ANN ARBOR – Gary Erickson, managing director of Executive Search Partners, provides tips on how CIOs can land top jobs at major companies even during a pandemic. In fact, he said, demand for CIOs that know the business completely that can develop products that drive sales can write their own ticket. You’re going to want to watch this video.

Q: – the pandemic has had a significant impact on all of our lives and jobs.  How has it specifically affected IT positions overall?

We all recognize that the front line workers have been the heroes of this pandemic.   I think that IT people are right behind them.  The ability of IT to rapidly provide remote access to company systems and remote collaborations tools

like Zoom and Slack has helped people stay employed and safe.

The pandemic has increased the stature of IT people – not sure that it has had any impact on salaries. But fewer companies are looking at IT as a cost center, and now look at IT as an enable of the business. At a minimum, it should make it easier for CIO’s to defend their IT headcount from company wide cut backs.

Many industries have found that their people can work from anywhere – because of the tools for access, and collaboration.  This is particularly true for IT professionals.  As an example, my son works for a now successful start-up company in California and his girlfriend works for Google.  They live in San Francisco, but have spent a month working from Florida and are now working from Boulder, CA.    I don’t think either wants to go back to the working from their offices in Mountain View and the long commuter. 

From a recruiting perspective, we are beginning to see companies willing to consider remote candidates, not just local candidates – especially if you are in a high cost area like California and can get equally skilled IT professionals at a lower cost elsewhere.   But, this is a trend, not a tidal wave.

Q: Has the pandemic changed the role of senior IT positions?   

This is most evident at the CIO position but has significant implications for all senior level IT positions.   The CIO role has been slowly shifting from Technology Leader to cross-functional business leader.  The pandemic significantly accelerated this shift.   I think we are going to see a shake out in senior level IT positions over the next year or two as those IT leaders who cannot make the shift will be replaced with cross functional business leaders.   And an increasing number of them will come from outside of IT.

Q: What advice do you have for existing IT leaders so they do not get replaced?

First – recognize the shift in the perception of IT as a business enabler, not a cost center.  

Second – review all of your strategic and tactical plans.   How many of these are focused on implementing new or replacement technologies and how many are focused on transforming the business?  What do you talk about with other members of the executive team? Do you spend time trying to explain AWS to them or do you spend time talking about business strategies and how IT can enable better customer connectivity?   What do you talk to IT employees about?  How much time do you spend with the business?  How much time do your IT people spend with the business?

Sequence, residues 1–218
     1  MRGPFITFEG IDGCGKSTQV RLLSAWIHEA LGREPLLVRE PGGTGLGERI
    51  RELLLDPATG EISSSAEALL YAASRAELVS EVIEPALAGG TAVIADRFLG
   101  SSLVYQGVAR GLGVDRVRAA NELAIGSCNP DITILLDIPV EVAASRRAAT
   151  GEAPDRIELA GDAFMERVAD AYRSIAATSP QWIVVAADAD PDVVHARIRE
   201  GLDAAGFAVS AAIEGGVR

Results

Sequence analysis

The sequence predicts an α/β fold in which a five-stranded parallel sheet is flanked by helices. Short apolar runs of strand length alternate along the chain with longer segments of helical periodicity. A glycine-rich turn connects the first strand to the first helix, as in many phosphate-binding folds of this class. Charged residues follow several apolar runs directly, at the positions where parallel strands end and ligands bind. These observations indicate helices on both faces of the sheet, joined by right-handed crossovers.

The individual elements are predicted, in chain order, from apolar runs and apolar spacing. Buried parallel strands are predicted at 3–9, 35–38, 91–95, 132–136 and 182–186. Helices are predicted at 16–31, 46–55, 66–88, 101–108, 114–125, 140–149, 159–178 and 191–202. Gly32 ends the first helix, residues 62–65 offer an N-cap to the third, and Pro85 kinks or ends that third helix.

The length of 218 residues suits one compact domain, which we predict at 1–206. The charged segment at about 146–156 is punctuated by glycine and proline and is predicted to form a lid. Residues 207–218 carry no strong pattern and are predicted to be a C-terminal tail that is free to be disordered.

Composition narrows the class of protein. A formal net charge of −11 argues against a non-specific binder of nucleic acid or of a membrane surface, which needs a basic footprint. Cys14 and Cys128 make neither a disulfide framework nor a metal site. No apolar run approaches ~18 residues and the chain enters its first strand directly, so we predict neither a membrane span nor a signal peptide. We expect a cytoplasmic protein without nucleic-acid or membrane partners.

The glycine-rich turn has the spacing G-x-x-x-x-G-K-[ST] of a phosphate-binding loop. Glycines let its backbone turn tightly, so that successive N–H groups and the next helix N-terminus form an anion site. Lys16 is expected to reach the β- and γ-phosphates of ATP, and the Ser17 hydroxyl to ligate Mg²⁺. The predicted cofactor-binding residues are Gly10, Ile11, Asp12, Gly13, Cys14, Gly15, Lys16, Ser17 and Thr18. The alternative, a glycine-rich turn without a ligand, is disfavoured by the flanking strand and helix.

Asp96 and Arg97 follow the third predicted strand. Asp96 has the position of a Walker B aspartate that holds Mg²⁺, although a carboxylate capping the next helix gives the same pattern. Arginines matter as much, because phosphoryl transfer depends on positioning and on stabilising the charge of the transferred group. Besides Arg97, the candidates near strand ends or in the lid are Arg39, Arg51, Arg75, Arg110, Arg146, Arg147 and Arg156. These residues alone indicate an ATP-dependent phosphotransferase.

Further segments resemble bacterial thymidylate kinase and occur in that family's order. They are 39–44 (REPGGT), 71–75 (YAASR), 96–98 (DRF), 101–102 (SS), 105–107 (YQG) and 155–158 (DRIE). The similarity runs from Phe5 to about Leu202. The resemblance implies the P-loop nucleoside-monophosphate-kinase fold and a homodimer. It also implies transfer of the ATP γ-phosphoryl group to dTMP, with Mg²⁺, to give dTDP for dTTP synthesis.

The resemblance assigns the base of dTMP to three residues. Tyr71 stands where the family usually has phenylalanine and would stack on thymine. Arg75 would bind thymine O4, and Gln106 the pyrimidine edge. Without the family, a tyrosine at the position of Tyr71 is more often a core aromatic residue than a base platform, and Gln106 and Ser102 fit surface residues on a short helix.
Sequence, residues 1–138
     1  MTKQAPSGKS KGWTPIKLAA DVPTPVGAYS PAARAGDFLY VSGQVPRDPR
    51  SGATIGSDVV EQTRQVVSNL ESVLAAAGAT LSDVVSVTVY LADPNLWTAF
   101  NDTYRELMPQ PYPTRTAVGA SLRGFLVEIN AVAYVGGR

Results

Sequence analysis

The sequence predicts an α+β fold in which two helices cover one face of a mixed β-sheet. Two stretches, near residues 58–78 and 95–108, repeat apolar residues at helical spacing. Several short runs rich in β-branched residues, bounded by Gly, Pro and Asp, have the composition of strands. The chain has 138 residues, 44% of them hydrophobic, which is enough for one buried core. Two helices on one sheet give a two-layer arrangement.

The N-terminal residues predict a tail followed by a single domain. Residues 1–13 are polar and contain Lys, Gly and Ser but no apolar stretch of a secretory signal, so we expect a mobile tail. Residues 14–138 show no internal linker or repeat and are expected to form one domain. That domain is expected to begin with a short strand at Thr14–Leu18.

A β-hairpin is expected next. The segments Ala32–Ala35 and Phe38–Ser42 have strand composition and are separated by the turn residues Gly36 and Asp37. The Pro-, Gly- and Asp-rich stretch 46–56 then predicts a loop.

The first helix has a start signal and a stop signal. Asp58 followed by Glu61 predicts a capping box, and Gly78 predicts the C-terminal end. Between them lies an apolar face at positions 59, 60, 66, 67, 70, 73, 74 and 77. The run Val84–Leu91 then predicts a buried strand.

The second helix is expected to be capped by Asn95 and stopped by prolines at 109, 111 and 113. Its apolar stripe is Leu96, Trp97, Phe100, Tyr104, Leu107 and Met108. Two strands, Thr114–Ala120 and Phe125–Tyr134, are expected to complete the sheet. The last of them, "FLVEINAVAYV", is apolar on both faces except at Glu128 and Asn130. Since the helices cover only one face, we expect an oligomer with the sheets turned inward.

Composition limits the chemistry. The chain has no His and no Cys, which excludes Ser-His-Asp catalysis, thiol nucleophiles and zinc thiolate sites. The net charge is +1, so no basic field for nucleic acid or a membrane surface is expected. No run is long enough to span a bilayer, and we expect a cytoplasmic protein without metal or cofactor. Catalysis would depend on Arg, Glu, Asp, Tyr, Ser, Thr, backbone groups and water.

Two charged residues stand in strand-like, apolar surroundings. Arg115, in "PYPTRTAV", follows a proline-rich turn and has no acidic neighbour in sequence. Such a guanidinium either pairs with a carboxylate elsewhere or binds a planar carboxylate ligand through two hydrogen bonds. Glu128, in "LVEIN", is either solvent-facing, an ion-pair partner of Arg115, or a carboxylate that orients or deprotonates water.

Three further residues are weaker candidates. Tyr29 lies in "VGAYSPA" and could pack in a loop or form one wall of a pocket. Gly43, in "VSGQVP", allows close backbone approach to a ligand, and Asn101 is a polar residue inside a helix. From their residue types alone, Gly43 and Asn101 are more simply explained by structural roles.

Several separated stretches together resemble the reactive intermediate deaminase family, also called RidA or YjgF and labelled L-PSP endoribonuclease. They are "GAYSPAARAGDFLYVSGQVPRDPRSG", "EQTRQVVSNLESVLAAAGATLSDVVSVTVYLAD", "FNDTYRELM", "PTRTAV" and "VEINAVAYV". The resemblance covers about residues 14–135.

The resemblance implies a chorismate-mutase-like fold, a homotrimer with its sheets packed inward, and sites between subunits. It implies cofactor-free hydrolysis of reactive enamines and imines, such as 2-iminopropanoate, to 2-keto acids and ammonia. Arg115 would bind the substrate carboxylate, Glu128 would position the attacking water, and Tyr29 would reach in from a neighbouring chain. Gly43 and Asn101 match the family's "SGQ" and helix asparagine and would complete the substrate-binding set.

Third – Look at your measurements of IT success.  Do you focus on uptime and cost as a percentage of sales, or do you focus on customer engagement measures, sales number, time to market for new products and services etc.

Fourth – really really increase your knowledge of your business. 

                     i.      How much do you really know about the business?  What was the last time you met with real customers of the business – not just your internal customers.   What do you know about your competitors?  Have you visited any of them?  Have you talked to any of their customers?   When was the last time you went to the operational parts your organization and watched what they do?   Asked them about what they need?  Asked them about what they like and dislike about their computer systems and what could you be doing to help them do their jobs better?

                    ii.      What conferences do you go to?  Are they all IT conferences?   Or do you only go to industry conferences?

                  iii.      What do you read? 

Lets say you are an IT leader looking for a new position.  What is your #1 piece of advice:

Recognize that IT exists to help the business – helping the business cut costs and improve efficiency.  Help the business improve sales and increase customer engagement.    

Change your resume so your accomplishments are business enablement accomplishments. 

                   i.      Throw out the ones where you talk about the new email system you put in or the cloud enablement project you led. 

                 ii.      Use business metrics not IT metrics like increased sales by x or reduce manufacturing costs by y. 

                 iii.      Use the PAR format:  what was the business PROBLEM you were solving;  what ACTIONS did you take, and what RESULTS did you achieve.  The results should be business results, not IT results.

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